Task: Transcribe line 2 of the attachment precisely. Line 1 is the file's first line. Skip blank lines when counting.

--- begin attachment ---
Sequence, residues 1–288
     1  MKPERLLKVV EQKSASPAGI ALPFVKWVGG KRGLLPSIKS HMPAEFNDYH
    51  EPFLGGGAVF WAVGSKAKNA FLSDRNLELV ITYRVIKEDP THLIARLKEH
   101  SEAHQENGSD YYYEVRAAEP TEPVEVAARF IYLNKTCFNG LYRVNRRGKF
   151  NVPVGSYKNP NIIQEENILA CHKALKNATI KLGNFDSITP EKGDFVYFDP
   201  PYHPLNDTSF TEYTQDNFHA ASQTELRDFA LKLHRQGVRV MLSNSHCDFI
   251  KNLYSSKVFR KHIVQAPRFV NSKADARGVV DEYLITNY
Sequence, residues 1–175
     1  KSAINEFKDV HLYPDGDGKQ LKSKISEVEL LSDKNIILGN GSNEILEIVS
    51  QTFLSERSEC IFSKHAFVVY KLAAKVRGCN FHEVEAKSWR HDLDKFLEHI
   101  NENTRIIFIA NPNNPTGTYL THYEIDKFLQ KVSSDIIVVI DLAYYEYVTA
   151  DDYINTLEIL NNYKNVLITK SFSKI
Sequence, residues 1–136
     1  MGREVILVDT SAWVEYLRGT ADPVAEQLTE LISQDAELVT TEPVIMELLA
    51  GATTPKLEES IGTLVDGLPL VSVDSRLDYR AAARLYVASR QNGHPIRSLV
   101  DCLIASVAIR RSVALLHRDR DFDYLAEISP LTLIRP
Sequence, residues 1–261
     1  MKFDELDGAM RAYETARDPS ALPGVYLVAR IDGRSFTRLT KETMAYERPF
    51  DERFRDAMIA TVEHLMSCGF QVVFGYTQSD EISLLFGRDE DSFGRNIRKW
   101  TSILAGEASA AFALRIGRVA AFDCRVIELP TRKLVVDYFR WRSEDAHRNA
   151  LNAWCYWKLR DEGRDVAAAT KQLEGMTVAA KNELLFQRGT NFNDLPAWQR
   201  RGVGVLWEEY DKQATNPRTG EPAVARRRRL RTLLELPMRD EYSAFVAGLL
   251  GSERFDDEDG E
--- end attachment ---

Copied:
     1  MKPERLLKVV EQKSASPAGI ALPFVKWVGG KRGLLPSIKS HMPAEFNDYH